One of the oldest sports, hockey boasts great skill and bravery, plenty of goals and clever tactics. We interviewed former German hockey champion Christine Berthold-Poje from BNY Mellon’s Frankfurt office and asked what it was like to be one of the youngest females (she was 13 years old) to play in the Bundesliga, having a football World Cup winner for a brother, and why she thinks it is always important to put teams first, and leave personal egos at home.
How did you get into hockey?
I’m from a sporting family and grew up in a small town playing football outside with boys, particularly my older brother Thomas who was part of the West German team which won the 1990 World Cup in Italy. He is still heavily involved in football and regularly appears on television talking as a football commentator.
I joined the Hanauer Tennis und Hockey Club at the age of eight, and by 13 I was playing in the top German adult league, the “Bundesliga.” I was so young that the league had to provide special permission to allow me to play. I’m not sure if I was the youngest ever to play, but I think I might be. I represented the region of Hessen and then joined the German under-21 national team.
Did you compete in the German national team?
Yes, but I decided to end my international career at the age of 21 because it was difficult to balance work, private life and sports. I continued to play in the Bundesliga until early 30.
At this time my daughter Jessica was born and even though my life has changed, I go crazy if I don’t go outside and do some kind of sport. I took up tennis in my 30s and was fortunate eventually to compete at a relatively high level too.
Hockey is a team sport – has this impacted how you approach things in business?
Hockey requires a mix of discipline, teamwork and a relentless focus on a shared goal. I particularly believe that teamwork is vital to success in all walks of life. We must each put aside our personal agendas and always put the team first. In sport, egos can often get in the way of success. Teams of brilliant individuals who only focus on self-interest fail regularly; it is the cohesive team which finds consistent success. Everyone has different strengths and weaknesses, it is vital to understand them.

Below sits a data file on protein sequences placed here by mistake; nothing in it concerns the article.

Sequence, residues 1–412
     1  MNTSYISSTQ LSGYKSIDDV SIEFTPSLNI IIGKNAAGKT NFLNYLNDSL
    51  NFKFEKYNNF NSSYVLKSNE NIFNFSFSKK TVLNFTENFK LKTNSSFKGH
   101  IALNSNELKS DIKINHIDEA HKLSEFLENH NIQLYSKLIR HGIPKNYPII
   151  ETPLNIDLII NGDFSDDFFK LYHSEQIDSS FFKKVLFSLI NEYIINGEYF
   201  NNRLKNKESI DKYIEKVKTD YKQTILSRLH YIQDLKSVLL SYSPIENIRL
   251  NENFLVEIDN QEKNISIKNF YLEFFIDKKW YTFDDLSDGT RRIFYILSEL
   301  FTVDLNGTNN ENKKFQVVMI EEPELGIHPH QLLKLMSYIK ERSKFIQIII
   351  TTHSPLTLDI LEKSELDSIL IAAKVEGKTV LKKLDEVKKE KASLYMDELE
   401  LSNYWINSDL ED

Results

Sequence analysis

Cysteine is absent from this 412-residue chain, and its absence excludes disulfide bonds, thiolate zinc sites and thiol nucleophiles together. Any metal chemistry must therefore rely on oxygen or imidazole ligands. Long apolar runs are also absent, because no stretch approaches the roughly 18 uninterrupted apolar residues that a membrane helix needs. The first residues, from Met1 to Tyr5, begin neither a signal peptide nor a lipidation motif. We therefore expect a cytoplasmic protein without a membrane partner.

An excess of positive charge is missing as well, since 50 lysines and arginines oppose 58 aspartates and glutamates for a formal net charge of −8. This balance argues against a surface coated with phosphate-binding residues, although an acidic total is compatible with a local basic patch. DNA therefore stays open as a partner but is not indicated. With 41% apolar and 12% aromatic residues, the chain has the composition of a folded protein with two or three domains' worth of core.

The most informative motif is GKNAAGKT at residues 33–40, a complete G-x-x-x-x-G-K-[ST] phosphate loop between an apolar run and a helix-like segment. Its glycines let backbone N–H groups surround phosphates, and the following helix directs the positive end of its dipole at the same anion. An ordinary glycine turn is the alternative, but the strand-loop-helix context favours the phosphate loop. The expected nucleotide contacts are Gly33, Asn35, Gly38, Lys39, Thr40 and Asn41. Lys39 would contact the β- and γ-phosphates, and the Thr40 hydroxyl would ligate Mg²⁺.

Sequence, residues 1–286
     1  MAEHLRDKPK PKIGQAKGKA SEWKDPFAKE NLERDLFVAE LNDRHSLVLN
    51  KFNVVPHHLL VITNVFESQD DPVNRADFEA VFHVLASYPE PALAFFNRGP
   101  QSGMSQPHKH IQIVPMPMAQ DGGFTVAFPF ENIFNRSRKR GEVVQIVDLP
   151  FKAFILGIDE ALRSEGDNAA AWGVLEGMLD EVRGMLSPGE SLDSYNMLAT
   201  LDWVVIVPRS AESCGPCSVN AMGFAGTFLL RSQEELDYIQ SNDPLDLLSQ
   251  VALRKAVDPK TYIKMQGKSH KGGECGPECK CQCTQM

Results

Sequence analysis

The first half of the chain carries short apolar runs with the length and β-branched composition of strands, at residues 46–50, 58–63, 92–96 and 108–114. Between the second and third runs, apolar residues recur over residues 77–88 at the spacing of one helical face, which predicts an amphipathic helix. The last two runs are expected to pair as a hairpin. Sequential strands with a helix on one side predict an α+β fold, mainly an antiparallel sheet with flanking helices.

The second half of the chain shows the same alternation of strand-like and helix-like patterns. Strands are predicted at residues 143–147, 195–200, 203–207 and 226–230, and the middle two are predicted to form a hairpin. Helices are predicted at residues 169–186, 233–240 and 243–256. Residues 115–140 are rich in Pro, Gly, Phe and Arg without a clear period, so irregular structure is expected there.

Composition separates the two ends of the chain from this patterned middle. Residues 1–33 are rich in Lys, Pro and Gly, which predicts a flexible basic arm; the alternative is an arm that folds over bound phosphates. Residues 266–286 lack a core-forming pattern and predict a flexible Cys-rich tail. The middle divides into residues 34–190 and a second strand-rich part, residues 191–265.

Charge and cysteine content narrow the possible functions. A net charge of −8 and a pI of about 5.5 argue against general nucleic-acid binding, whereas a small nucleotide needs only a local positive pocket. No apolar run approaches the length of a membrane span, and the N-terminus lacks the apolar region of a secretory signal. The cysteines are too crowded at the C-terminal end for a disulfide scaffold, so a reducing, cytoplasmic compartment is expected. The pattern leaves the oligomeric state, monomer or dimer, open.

Playing hockey has helped me better understand how to build relationships too. As a relationship executive, it is my job to cultivate trust so that BNY Mellon can advise clients more effectively. This means having empathy. Hockey has taught me the importance of admitting your mistakes and taking accountability and responsibility.
In sport you cannot improve or move on from defeat if you don’t correctly identify your own mistakes. This is also true in business. Clients trust you when you are accountable and transparent and you put clear governance structures in place.
Can you give us an example?
When I joined BNY Mellon three years ago, I was given a “red” client, meaning they were very unhappy with the given service. The client had indicated it was likely to search for another service provider. In a short space of time, I helped to build trust, transparency and was personally accountable when it was required. This client moved to “green” status within a year, we stabilised the relationship and grew our partnership with the client who remains with us today. I’m very proud of this.
How has balancing business and sport shaped your approach to work?
Financial services sometimes has a reputation for cultivating a poor work/life balance. Whilst a “long-hours” culture can initially appear to improve production, in the longer term it can reduce performance and prevent innovation. Thankfully, this culture is changing.
I believe physical activity is important to reducing stress. I think it’s also important to have outside interests as they provide new skills and perspectives. Team sports in particular can teach you so much about how to motivate others, work in a team and deal with conflicts.
And finally, how have attitudes towards women in sport and in finance changed during your career?
The biggest issue for me is giving successful women the profile to act as role models. Germany’s national women’s football team is a great example. Despite consistently winning competitions, in comparison with the men’s football team, you do not see them as often on TV.
In the financial services industry including at BNY Mellon, I’ve seen more and more women take up senior leadership roles, which is incredibly pleasing to see. This must continue across the industry so that women are encouraged to strive for senior roles in financial services.